Weird right? That’s courtesy of legendary game composer Hirokazu “Chip” Tanaka. The OST to Earthbound fits the Strange-Americana atmosphere perfectly, with nods to everything from The Little Rascals theme, 80s electronica, The Beatles, and The Who. The combination of these different styles may seem a little off putting, but that’s what makes Earthbound work. It’s a wonderful oddball from its story to its music. Everything Earthbound does in its presentation is to give you something that feels a little off, to be congruent to the events of the story. The game is made to make you distrust everything and anyone from dogs to adults to plants in the forest. The combination of trippy music and visuals also drives home the strange, dark world it takes place in. 

Earthbound has fairly simplistic gameplay. By JRPG standards it’s what you’d expect, you travel around the world fighting enemies and visiting 8 different “shrines” to eventually defeat some ancient, otherworldly evil. The battles are turn-based and you gain experience and skills as you level up. All standard JRPG faire, but Earthbound’s mood and ambiance are what set it apart. Even the battle system is more rudimentary than most JRPGs. You don’t even see your party in combat! I used to HATE that about JRPGs, where you just see the enemy and not your party. It’s a strange gripe to have, but may be the reason why I never sat down with Earthbound until recently. If anything, it’s minimalistic battle presentation adds to the headspace. I felt in battle that something was lurking behind me as I looked through the eyes of the protagonists. It made me feel uneasy, which is what Earthbound seeks to do. It delivers something you’d expect from the genre with completely different atmosphere, which makes Earthbound stand out from the rest.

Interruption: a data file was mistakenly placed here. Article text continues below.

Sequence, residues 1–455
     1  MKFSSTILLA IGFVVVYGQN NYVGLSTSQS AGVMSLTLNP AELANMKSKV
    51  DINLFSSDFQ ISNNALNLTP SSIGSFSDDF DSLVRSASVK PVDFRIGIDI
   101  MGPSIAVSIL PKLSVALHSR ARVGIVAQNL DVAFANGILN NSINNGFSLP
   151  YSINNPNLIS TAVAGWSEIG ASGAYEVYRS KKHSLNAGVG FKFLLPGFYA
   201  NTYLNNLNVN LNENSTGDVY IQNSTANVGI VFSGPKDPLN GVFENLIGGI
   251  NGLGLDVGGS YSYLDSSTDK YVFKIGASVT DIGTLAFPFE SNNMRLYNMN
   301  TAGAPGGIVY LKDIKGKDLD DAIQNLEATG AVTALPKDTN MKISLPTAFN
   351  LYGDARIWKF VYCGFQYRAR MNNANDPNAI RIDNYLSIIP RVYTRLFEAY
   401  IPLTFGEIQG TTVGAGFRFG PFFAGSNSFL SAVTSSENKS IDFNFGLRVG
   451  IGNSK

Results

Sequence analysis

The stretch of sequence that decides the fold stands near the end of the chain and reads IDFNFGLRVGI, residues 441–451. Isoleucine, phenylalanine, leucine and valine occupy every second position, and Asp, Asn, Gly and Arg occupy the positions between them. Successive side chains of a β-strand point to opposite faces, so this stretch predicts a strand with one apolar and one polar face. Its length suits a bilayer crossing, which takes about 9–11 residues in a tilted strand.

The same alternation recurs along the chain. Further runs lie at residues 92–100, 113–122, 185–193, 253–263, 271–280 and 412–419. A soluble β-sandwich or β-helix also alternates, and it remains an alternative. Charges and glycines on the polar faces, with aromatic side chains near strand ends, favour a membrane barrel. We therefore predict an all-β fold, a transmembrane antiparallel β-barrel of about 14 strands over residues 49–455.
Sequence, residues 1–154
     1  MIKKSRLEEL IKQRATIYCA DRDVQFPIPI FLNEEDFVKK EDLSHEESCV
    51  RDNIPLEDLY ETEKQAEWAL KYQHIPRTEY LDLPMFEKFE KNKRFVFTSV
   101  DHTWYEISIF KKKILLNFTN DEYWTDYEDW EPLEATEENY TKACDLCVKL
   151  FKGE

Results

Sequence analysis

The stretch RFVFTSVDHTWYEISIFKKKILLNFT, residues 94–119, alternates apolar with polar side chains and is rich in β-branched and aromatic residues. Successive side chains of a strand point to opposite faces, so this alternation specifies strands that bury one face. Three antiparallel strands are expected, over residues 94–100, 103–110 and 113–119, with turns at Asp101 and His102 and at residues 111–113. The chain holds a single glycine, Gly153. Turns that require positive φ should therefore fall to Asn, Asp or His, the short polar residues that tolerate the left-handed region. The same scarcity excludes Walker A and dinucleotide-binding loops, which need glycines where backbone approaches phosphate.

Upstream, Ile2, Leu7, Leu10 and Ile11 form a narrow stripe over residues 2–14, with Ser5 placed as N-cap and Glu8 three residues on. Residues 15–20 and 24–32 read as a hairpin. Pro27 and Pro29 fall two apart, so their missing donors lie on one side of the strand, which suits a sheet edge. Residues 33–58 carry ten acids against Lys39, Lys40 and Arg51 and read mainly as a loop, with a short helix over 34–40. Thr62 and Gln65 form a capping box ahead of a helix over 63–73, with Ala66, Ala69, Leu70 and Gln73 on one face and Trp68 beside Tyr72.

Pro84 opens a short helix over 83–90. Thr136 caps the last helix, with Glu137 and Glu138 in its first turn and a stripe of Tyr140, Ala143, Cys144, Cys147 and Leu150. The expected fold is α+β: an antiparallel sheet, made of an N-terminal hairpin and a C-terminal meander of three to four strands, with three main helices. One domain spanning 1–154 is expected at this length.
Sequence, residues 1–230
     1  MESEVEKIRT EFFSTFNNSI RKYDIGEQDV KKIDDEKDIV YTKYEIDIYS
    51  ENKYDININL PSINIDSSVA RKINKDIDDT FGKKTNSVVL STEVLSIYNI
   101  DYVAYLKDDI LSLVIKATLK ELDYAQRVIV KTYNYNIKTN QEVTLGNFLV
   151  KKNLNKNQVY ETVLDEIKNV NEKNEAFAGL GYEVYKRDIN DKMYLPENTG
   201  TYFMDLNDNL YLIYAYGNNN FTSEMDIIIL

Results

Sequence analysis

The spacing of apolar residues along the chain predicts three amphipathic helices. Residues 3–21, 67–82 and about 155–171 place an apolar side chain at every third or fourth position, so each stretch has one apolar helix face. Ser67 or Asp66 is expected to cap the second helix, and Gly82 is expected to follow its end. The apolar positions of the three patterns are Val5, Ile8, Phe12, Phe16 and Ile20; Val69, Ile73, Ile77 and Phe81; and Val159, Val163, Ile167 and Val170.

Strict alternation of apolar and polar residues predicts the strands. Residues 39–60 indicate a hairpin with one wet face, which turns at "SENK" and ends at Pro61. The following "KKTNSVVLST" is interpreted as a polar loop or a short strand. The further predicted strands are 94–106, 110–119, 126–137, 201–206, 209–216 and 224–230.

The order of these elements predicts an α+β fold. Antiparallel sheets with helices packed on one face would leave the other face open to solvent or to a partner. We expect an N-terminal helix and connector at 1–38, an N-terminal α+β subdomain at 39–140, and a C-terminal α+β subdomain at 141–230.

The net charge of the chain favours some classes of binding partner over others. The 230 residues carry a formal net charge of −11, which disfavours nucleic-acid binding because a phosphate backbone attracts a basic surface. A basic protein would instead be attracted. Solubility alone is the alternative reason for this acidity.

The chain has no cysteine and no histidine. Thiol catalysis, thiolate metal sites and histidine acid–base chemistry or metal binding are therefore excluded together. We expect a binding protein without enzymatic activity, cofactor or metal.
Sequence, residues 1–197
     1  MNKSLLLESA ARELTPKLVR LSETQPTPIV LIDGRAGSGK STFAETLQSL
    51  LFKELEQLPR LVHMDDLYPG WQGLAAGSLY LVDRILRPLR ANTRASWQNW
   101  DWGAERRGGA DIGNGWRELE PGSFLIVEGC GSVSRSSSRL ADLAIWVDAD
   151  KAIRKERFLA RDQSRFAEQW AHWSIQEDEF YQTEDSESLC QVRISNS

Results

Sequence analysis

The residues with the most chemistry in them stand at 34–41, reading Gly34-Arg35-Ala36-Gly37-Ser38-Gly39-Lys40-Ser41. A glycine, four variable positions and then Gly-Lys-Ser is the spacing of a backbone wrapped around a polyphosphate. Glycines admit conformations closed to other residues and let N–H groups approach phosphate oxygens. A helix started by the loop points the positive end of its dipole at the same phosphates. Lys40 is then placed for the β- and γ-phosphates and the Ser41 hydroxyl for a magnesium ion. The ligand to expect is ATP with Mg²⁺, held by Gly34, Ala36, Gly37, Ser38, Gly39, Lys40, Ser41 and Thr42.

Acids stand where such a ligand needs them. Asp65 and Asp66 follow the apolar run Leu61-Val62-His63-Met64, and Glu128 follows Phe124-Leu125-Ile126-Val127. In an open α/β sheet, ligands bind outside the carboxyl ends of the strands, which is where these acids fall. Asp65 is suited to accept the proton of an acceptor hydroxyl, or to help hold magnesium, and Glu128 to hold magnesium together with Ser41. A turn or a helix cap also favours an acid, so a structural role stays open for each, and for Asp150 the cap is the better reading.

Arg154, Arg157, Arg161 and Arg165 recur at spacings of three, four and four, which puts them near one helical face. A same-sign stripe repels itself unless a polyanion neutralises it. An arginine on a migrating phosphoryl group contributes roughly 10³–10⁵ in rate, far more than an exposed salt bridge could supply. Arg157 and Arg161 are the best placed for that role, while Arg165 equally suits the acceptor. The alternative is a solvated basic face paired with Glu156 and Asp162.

Why is Earthbound a Greatest.Game.Ever?

Earthbound is, at its core a strange Nintendo RPG. What makes Nintendo stand out is how different and delightfully odd they can be. Games like Majora’s Mask, Super Mario Sunshine, and Link’s Awakening all showcase the oddities of Nintendo. Earthbound represents that push in full force. Its greatness exists first in its deliberately different take on the JRPG and its fun and simple gameplay. Earthbound is easy to understand and grasp, but its story can get rather deep as it tackles conspiracy, emotion, and self reflection. Ness at one point is forced to defeat the darkness within his own mind. Coupled with that depth is a joyous adventure filled with teenage wonder. The game is dripping with style and charm and is one of the most charming little games I’ve played in a long time. It’s still incredibly weird, but in a way that encapsulates the spirit of summer adventure.